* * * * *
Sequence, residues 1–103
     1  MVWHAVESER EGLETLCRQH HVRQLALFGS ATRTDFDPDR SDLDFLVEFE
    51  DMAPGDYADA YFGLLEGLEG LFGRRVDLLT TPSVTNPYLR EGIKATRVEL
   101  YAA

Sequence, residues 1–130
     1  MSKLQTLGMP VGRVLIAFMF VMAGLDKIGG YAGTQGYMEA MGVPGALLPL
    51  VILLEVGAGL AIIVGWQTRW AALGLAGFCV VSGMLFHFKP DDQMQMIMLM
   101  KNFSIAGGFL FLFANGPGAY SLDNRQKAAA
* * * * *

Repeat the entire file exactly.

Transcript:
Sequence, residues 1–103
     1  MVWHAVESER EGLETLCRQH HVRQLALFGS ATRTDFDPDR SDLDFLVEFE
    51  DMAPGDYADA YFGLLEGLEG LFGRRVDLLT TPSVTNPYLR EGIKATRVEL
   101  YAA

Sequence, residues 1–130
     1  MSKLQTLGMP VGRVLIAFMF VMAGLDKIGG YAGTQGYMEA MGVPGALLPL
    51  VILLEVGAGL AIIVGWQTRW AALGLAGFCV VSGMLFHFKP DDQMQMIMLM
   101  KNFSIAGGFL FLFANGPGAY SLDNRQKAAA